Baseline to Baseline recaps: Bulls look every bit the contender

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What you missed while realizing that it’s time to turn off the autocorrect on your phone before someone gets hurt….

Bulls 96, Spurs 89: That is why the Chicago Bulls are contenders. They played a fantastic game behind Derrick Rose, who had 29 points and made all the big plays at the end, including a pull up jumper and a pretty floater off the glass. However it was Luol Deng who knocked down the dagger jumper at the end off some pretty ball movement by the Bulls when the Spurs defense focused on Rose. The Bulls also attacked the Spurs up front, where San Antonio is weakest. Tim Duncan had 18 points but needed 21 shots to get there.

San Antonio took an early lead, fell back and mounted a charge at the end as good teams will do. The Bulls were able to hold them off behind Rose. Yes, no Manu Ginobili, but if you beat the Spurs in San Antonio you’ve got a quality win.

Bulls fans had their hearts in their throats when Rose was on the floor clutching his knee at one point — there was a knee-on-knee collision with Tony Parker, but both eventually walked away from it.

Magic 102, Wizards 95: With the Wizards on the second night of a back-to-back it looked like the Magic would run away and hide, getting up 17 in the first quarter. But the Magic took their foot off the gas and credit the Wizards for fighting back and actually leading for a chunk of the third quarter (Washington started the second half on a 10-0 run). Orlando came back because they hit 10-of-15 threes in the second half, led by Ryan Anderson who had 11 of his 23 points in the fourth quarter, plus he had 15 boards. John Wall had 33 to lead the Wizards.

Thunder 92, Sixers 88: Philly looked like they were going to steal this one until the Thunder closed the game on a 12-1 run and took the win. This was the kind of closeout win on the road you see contenders make. The key stat in this one — Oklahoma City grabbed the offensive rebound on 42.2 percent of their missed shots (19 total, seven by guard Russell Westbrook). Kevin Durant had 23.

Celtics 102, Bucks 96: That was a vintage Kevin Garnett performance — 25 points, 10 boards and he was a force on defense. Rajon Rondo had 15 points, 11 rebounds and 10 assists, his third triple-double of the year. Boston owned this game after a big third quarter and was up 17 in the fourth — but a late 13-0 run by the Bucks made this one very tight at the end. Ersan Ilyasova continued his strong play of late with 25 points.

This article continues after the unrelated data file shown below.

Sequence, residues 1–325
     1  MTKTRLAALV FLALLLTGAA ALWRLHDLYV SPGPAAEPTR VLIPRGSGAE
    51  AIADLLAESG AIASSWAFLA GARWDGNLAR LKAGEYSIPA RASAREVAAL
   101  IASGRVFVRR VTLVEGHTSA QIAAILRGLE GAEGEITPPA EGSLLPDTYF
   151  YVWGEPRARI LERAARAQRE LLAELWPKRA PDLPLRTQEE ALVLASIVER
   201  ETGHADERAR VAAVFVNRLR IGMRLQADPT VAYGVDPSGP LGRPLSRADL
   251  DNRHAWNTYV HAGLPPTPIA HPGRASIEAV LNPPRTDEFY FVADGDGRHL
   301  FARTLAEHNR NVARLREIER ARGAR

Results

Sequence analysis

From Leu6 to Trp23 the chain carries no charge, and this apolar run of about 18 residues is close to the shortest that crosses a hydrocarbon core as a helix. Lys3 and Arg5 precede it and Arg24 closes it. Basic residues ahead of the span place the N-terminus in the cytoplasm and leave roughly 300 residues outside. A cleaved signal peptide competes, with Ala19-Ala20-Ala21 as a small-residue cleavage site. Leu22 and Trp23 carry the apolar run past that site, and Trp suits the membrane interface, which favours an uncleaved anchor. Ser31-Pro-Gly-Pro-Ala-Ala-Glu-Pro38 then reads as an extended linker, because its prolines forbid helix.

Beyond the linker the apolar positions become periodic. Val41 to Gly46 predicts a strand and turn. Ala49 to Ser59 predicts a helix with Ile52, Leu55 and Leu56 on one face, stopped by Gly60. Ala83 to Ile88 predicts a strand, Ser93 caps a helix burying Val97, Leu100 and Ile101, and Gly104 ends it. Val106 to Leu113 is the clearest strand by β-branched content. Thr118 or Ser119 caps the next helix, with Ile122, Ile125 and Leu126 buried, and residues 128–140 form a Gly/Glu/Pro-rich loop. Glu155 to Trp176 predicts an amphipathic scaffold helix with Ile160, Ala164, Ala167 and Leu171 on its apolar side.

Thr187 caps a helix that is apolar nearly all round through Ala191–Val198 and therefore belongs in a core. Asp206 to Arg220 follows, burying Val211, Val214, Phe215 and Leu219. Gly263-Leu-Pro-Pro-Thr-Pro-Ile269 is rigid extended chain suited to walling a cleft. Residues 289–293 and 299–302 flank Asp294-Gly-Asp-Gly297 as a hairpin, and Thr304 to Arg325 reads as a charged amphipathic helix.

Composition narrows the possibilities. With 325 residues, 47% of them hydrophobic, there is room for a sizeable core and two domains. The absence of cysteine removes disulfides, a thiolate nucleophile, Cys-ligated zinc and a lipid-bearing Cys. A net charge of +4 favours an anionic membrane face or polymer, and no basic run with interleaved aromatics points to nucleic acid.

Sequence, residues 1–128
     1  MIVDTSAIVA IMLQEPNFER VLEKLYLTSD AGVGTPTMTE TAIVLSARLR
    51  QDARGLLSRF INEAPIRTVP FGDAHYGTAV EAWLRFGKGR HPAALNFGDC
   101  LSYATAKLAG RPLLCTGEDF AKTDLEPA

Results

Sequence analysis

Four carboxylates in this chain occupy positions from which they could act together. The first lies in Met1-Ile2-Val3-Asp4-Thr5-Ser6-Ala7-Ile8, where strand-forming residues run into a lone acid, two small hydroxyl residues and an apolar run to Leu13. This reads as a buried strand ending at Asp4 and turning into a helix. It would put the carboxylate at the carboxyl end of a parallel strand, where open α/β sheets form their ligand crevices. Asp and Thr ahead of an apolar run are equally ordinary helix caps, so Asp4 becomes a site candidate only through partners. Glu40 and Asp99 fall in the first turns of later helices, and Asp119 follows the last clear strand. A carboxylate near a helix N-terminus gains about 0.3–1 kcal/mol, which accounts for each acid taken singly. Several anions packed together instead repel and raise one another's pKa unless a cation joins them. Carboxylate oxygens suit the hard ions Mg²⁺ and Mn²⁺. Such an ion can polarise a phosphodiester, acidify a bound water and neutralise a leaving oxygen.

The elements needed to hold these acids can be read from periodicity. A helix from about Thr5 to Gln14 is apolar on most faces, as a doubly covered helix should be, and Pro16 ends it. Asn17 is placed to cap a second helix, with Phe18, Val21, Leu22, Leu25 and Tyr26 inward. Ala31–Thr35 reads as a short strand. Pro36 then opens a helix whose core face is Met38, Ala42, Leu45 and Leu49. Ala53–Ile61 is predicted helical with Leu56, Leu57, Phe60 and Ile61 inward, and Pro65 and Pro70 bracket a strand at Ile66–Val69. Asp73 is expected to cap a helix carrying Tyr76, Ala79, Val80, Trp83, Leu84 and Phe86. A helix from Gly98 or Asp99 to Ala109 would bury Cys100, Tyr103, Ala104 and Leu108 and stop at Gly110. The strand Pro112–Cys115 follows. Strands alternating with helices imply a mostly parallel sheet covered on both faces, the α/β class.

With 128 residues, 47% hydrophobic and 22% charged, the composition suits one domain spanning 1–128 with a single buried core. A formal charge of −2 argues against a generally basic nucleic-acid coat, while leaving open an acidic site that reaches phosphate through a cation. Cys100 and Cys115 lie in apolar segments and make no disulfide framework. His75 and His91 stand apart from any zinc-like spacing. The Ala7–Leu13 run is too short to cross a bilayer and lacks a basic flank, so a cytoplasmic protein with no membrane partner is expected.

Warriors 85, Hawks 82: The Hawks shot 33.7 percent as a team, “led” by Josh Smith who was 5-of-20 and couldn’t hit a jumper to save his life. You think that was because of the Warriors 26th ranked defense? Exactly. Monta Ellis had 24 points but needed 27 shots to get there, David Lee had 22 points and 12 rebounds.

Knicks 120, Cavaliers 103: Cleveland was in control in the first half of this game and led by as many as 17. Rookie Kyrie Irving was looking good controlling play, Antwan Jamison had a dozen in the first quarter and Daniel Gibson had 10 in the second. But in the third quarter the Knicks exploded for 33 points, played fantastic defense (led by Tyson Chandler) and took the lead back. The Knicks bench continued that in the second and they pulled away for the win. Carmelo Anthony had 22 points, Jeremy Lin had 19 and 13 assists.

Grizzlies 96, Mavericks 85: Dirk Nowitzki left the game in the second quarter with a minor back injury and did not return. (He is expected to be available on Friday.) When he is not in to hold it together, the entire Mavericks offense falls apart, and they lose. Marc Gasol had 22 points and 11 boards for Memphis.

Pistons 109, Bobcats 94: In a battle of bad teams, the Bobcats prove they are worse than anyone in the league this year.

Raptors 95, Hornets 84: Toronto can play pretty good defense at times and they held the Hornets to 37.5 percent shooting (39.4 percent eFG%). Do that and you win. DeMar DeRozan and Linas Kleiza each had 21 for the Raptors — good to see from DeRozan after coach Dwane Casey benched him in the fourth last game. DeRozan sparked an 11-1 fourth quarter run that was key for the Raptors in this one.

Nuggets 104, Trail Blazers 95: Ty Lawson was back and had 18 points, but it was great play from Kenneth Faried down the stretch that helped Denver hold on for this win.

Jazz 104, Rockets 83: The night after the looked so good, the Rockets came out and shot 39.1 percent and just were unimpressive. C.J. Miles had a monster game with 27 points and Devin Harris continues to try to up his trade value with 19 points on just 11 shots.

Lakers 104, Timberwolves 85: The Lakers front line is tough to contain as it is, but take Kevin Love out of the equation — he missed this one with the cover-all excuse of “flu like symptoms” — the Timberwolves didn’t really stand much of a chance. Andrew Bynum had 13 and 13, while Pau Gasol owned the third quarter (11 points in that frame) when the Lakers pulled away. Kobe Bryant had 31 and if he shoots like this he should wear a mask every game. Note to Mike Brown: Sit your star starters at the end of blowout games. What exactly are you trying to do?

Report: Pacers bring back Lance Stephenson in time for playoffs; deal for three-years, $12 million

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The Indiana Pacers need healthy bodies for their playoff run, and they had three rotation guys injured between Al Jefferson, Glenn Robinson III, and Rodney Stuckey. Wednesday, the Pacers waived Stuckey to create an open roster spot to bring in some help (they were not going to pick up his option for next season anyway).

Who are they bringing in? The prodigal son Lance Stephenson returns, according to Adrian Wojnarowski of Yahoo Sports.